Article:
There was very little mention of climate change by either presidential candidate during their first debate Monday night, though that didn't stop the issue from generating headlines.
Early into the debate, Democratic nominee Hillary Clinton said that Republican nominee Donald Trump called climate change a hoax created by the Chinese, which Trump denied.
Scientific American republished a story from ClimateWire on each candidate's beliefs about climate change, including how each candidate is trying to use their beliefs to generate support:
Donald Trump refuted accusations by Hillary Clinton that he had once described climate change as a Chinese concoction, during a quarrelsome debate last night that set the candidates on a 42-day sprint toward the presidential election.
Twelve minutes into the first face-to-face encounter between the candidates, Clinton raised the issue of climate change by pointing to Trump’s past claims that question the science behind rising temperatures.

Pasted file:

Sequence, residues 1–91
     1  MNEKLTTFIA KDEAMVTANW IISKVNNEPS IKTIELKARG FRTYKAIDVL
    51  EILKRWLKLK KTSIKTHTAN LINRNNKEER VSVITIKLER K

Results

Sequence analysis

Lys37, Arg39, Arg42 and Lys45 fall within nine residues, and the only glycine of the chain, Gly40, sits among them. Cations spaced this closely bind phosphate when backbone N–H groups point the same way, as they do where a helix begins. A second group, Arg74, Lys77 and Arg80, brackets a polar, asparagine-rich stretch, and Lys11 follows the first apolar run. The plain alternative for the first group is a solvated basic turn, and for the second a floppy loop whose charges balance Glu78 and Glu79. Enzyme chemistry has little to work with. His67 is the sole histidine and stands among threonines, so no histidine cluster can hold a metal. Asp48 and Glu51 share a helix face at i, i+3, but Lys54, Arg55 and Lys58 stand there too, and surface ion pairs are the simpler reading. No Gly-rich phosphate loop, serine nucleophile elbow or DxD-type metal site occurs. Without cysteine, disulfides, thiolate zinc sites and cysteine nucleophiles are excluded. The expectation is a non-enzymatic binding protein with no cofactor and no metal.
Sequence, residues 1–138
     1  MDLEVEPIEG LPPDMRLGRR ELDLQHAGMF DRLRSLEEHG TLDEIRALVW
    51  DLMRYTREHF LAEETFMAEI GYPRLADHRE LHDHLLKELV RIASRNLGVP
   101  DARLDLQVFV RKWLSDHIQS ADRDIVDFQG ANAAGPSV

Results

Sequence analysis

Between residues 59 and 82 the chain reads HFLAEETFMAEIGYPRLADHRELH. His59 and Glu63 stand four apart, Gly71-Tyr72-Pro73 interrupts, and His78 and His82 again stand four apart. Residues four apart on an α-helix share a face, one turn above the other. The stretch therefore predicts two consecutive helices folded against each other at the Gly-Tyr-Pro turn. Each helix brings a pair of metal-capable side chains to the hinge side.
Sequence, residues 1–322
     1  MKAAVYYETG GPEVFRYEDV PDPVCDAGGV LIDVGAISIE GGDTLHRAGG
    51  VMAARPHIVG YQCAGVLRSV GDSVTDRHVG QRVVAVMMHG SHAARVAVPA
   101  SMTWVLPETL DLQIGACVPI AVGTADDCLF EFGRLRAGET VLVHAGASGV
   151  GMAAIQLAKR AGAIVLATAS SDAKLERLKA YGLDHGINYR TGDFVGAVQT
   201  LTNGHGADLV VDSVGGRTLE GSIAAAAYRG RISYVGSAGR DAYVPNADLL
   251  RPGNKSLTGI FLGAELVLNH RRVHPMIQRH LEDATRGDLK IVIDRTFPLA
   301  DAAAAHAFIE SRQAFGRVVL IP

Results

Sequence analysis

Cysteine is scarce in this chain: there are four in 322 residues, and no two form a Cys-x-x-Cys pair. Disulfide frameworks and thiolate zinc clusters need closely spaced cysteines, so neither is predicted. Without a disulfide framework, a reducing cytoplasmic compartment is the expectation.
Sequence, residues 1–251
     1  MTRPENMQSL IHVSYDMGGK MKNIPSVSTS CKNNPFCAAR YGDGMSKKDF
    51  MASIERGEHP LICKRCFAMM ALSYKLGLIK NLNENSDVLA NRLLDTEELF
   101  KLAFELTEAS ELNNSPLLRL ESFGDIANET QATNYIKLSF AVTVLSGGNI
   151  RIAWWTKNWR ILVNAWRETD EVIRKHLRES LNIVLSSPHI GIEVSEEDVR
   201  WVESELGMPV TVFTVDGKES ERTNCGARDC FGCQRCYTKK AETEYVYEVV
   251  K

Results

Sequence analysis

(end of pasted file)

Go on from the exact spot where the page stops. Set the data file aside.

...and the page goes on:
“Donald thinks that climate change is a hoax perpetrated by the Chinese,” Clinton said as Trump interrupted.
“I did not,” Trump said. “I do not say that. I do not say that.”
As Politifact pointed out, Trump did tweet that exact sentiment in 2012. He has since called the tweet a "joke" but has many times since the tweet called climate change a hoax.
Trump's climate denial is not simply a matter of personal opinion. He has plans to implement that denial official state policy – to disastrous consequences for the planet.
In an effort to clarify the comments on Tuesday morning, Trump's campaign manager Kellyanne Conway said that Trump does not believe climate change is man-made.
Indiana Gov. Mike Pence, Trump's running mate, distanced himself from that claim on Tuesday, saying "there's no question that the activities that take place in this country and in countries around the world have some impact on the environment and some impact on climate."